BPI Technologies Inc. is getting out of the commodity plastic T-shirt bag business, the company announced recently.
The North Dighton, Mass., firm announced the news with its fourth-quarter results. The company reported a loss of $12.8 million on sales of $30.8 million for the 12 months ended Feb. 28.
``The decision to stop our losses in the commodity plastic T-shirt bag business will enable us to shift our resources to several proprietary markets for both bag and film products,'' Dennis Caulfield, BPI chairman and chief executive officer, said in a news release.
``By eliminating the drag of accelerating losses in commodity plastic T-shirt bags, we forecast that fiscal 1998 sales will be greater than fiscal 1997 and that the company will be profitable.''
The product shift allowed BPI to cut its work force 26 percent, reducing salary, wages, fringe benefit costs and other variable costs by an estimated $6 million annually.
Although the firm is withdrawing from commodity T-shirt bags, BPI will continue to manufacture, sell and market its proprietary front-end grocery T-shirt bags. These include the Handi-Sac brand for convenience stores and Fresh-Sac high-molecular-weight high density polyethylene produce bags.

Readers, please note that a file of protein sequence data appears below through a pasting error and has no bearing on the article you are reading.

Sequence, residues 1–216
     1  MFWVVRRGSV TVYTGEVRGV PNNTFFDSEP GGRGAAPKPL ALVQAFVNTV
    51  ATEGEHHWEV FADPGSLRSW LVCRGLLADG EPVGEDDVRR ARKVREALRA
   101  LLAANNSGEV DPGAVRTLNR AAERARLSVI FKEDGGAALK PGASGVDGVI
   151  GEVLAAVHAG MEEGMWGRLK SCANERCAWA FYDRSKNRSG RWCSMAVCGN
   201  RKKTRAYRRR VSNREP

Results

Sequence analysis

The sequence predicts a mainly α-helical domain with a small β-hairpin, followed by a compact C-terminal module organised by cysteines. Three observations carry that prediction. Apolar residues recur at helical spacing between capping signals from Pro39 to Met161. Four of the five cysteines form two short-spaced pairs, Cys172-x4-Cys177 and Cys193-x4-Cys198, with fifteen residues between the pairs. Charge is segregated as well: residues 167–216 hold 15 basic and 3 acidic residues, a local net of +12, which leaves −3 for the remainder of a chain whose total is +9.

BPI officials did not return telephone calls.
``We made a necessary decision to end our involvement in a no-win business,'' Caulfield said in a written statement dated June 11. ``Asset write-downs and restructuring costs have reduced working capital to below planned levels and the company is now in the process of negotiating a combination senior long-term debt and equity private placement necessary to improve liquidity and support the fiscal 1998 business plan.''
BPI forecasted that sales of its grocery carry-out bags would decrease 62 percent in 1998 to $6.3 million.
Sales of proprietary bag and thin plastic film products are forecast to increase 167 percent in 1998 to $32.3 million.
BPI's two new thin film products are for encapsulation of fiberglass insulation and to overwrap consumer products.
Sales for 1997 increased 6.8 percent to $30.8 million compared with 1996.
Proprietary bag and film products increased 27.8 percent to $12 million, and made up 39 percent of BPI's sales.
BPI lost $4.51 million, or 38 cents per share, in 1996. The 1997 loss of $12.8 million equalled 97 cents per share. The loss in 1997 includes noncash charges for reserves and write-offs of $7.4 million, the majority of which were for exiting the commodity T-shirt bag business. The net cash loss from continuing operations was $816,000.
``BPI has a net worth of $11.5 million and is increasing its equity base by an additional $5 million in cash through a private placement with our existing shareholders,'' Caulfield said in a letter to BPI's sales and marketing staff. ``Contrary to any negative comments from competitors, BPI is in a very healthy financial and strategic position.''